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Review: AMD Radeon HD 7950
by Damien Triolet
Published on March 6, 2012

Specifications

Although the Radeon HD 7950 still has a 384 bit memory bus and 32 ROPs, AMD has taken the opportunity of reducing the number of processing units and texturing units. Four of the 32 groups of 64 processing units and 4 texturing units have therefore been deactivated, which gives us 1792 processing units and 112 texturing units in all. With the clock dropping from 925 to 800 MHz, the overall reduction in processing power compared to the Radeon HD 7970 is 24%, while there was only a 16% drop between the two Radeon HD 6900s. The gap in terms of memory bandwidth is however identical for both generations: -9%. Note also that over the last year the memory clock hasn’t changed, which is unusual.

In comparison to the Radeon HD 6970, the Radeon HD 7950 gives slightly lower triangle and pixel throughput but slightly higher processing and texturing power. The memory bandwidth is however higher: + 36%.


The Radeon HD 7950 presss edition
For this test, AMD supplied us with a ‘reference’ Radeon HD 7950 based on the same design as the reference Radeon HD 7970. There is however a second reference model, equipped with an axial fan and a revised, lower cost PCB. This is the reference model that you’ll find in stores from certain partners. To our knowledge, the card supplied by AMD to the press will not be put on sale and is therefore not representative of the final product that you’ll find in stores. This isn‘t the first time that AMD have tried such a manoeuvre, which is regrettable. Here however is what the test sample looks like:




The Radeon HD 7970 and this Radeon HD 7950 are in the same format as the Radeon HD 6970: double slot and 27.5 cm long. Its cooling system is similar but has been slightly modified. The blower has longer blades to increase the airspeed and the vapour chamber block / radiator extends 1.5 cm further towards the connectors. Its extremity is therefore very close to the hot air extraction grill which has also been adapted to cover the height of a PCI slot. It’s therefore no longer necessary to send some of this hot air into the casing above the card but one of the two DVI ports has therefore had to go, with the remaining one accompanied by an HDMI out and two mini-DisplayPort outs. An HDMI to DVI adaptor is supplied with the card.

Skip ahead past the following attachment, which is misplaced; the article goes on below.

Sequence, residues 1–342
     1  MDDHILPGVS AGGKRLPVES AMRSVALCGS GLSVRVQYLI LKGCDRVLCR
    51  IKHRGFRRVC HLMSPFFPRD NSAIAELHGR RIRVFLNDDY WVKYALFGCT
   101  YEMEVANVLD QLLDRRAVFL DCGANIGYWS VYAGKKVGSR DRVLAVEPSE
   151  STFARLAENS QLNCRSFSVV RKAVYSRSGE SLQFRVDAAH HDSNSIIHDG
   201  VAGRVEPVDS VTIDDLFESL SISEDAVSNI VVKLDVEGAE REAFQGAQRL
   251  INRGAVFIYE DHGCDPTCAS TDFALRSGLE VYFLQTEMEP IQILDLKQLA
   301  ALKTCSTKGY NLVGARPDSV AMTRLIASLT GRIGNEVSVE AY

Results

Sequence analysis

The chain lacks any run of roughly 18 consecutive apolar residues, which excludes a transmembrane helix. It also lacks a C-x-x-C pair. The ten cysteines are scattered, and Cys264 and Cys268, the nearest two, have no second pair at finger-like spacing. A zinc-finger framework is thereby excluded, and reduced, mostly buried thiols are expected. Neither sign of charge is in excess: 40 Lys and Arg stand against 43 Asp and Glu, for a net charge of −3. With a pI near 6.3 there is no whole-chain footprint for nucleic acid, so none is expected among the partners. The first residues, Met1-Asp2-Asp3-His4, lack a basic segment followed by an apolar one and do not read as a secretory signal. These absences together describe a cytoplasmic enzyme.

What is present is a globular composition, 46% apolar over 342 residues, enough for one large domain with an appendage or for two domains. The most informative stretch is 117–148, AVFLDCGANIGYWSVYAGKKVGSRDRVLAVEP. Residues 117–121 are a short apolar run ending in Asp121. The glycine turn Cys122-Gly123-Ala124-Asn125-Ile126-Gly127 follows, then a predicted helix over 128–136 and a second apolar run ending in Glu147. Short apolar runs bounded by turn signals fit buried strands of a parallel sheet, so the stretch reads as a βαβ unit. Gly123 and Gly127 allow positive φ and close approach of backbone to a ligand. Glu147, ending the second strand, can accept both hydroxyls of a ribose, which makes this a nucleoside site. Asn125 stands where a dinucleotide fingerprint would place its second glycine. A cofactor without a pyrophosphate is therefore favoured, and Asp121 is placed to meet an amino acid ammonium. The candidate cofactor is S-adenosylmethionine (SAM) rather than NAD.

Probably to reduce costs, AMD has not continued to use the plate that covered the back of the Radeon HD 6970 and 6950 2 GB. The design of the casing that covers the cooling system has however been modified to make it much more aesthetic than the one used for the Radeon HD 6900s, which had a rather austere look and a cheap feel. In general, we’re not great fans of glossy designs but here it has been carefully made with quality materials.

The PCB is not that different to the one used for the Radeon HD 6970, but the power stage has been revisited to make it more powerful, with better quality components though still with 6 phases for the GPU. Truth be told this increase in power isn’t really necessary: the Radeon HD 7970 makes do with five of these phases for a TDP of 250W and the Radeon HD 7950 with four phases for a TDP of 200W. The design will however allow manufacturers who so desire to produce an overclocked model with more in reserve and it will also be possible to move from the 8+6 set-up on the Radeon HD 7970 to 2x8 pin power supply connectors for the Radeon HD 7950.

While the Radeon HD 7970 uses Hynix ROC GDDR5 memory certified at 1.5 GHz, the Radeon HD 7950 makes do with the T2C version of the same memory, certified at 1.25 GHz.

Two CrossFire X connectors are still available to ensure tri and quad-GPU support, as is the dual bios switch allowing you to return to the original bios.

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